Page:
Weather reports on French television now include electricity forecasts

French households rely heavily on electricity for heating, which can seriously strain the power grid in winter months. If the temperature drops by one degree Celsius, electricity demand increases by 2,400 megawatts — the equivalent of Marseille and Lyon's combined consumption.

Aiming to involve citizens in keeping the grid up and running, the country's main television channels now include energy forecasts as part of their daily weather reports. The data is produced by Ecowatt, which uses traffic light colors to indicate the current state of the grid: green means 'normal' and no problems expected, orange 'strained' and red 'very strained,' with a risk of power cuts.

EcoWatt bases its four-day forecasts on predicted temperatures, technical issues, the amount of wind and sun available for renewables, and levels of electricity imports.

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Ecowatt was already sending peak usage alerts to around 100,000 subscribers, but including energy forecasts as part of televised weather reports obviously reaches a far larger audience. It also normalizes information that people might otherwise not consider.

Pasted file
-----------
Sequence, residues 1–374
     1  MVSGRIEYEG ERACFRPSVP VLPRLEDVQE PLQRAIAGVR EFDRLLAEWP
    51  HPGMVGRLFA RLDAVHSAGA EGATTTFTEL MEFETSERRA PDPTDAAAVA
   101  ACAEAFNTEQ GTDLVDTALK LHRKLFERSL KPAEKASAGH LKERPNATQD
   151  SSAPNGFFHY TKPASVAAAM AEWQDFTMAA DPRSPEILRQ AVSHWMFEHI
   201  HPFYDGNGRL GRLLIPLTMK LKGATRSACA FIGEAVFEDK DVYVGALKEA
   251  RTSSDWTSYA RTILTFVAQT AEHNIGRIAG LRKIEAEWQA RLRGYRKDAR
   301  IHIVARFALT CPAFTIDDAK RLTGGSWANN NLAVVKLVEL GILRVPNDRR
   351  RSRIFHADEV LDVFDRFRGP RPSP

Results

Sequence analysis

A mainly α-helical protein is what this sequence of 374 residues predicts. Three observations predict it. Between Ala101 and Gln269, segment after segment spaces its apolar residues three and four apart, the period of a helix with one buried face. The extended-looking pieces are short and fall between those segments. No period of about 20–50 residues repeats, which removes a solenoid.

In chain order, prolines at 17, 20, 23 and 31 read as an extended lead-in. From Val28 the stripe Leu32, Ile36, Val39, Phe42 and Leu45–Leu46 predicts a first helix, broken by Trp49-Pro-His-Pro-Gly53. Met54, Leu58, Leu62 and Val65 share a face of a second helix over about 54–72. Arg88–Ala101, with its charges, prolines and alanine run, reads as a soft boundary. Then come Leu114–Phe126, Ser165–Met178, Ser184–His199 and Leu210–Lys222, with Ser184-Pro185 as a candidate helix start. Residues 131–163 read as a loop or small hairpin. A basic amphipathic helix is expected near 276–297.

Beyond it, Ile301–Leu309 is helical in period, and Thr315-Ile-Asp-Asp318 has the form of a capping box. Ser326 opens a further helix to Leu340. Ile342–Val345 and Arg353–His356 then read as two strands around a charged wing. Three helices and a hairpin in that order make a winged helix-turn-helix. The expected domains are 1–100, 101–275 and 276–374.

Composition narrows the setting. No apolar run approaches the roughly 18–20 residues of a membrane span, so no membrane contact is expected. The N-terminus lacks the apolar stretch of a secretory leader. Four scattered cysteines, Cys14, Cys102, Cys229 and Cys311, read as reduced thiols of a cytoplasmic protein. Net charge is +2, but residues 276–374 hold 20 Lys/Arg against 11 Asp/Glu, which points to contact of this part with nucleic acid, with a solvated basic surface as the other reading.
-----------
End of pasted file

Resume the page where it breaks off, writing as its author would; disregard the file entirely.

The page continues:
While the forecasts were primarily initiated to help avoid blackouts, an added benefit lies in developing the same everyday awareness about energy use that people already have about the weather. Rain tomorrow? Bring an umbrella; reschedule a picnic. Orange EcoWatt symbol? Turn down the heating; postpone a laundry load or two.

It's not up to individuals to solve the climate crisis, but clear-cut data delivered through every possible channel helps consumers make informed decisions and adjust their behavior accordingly.

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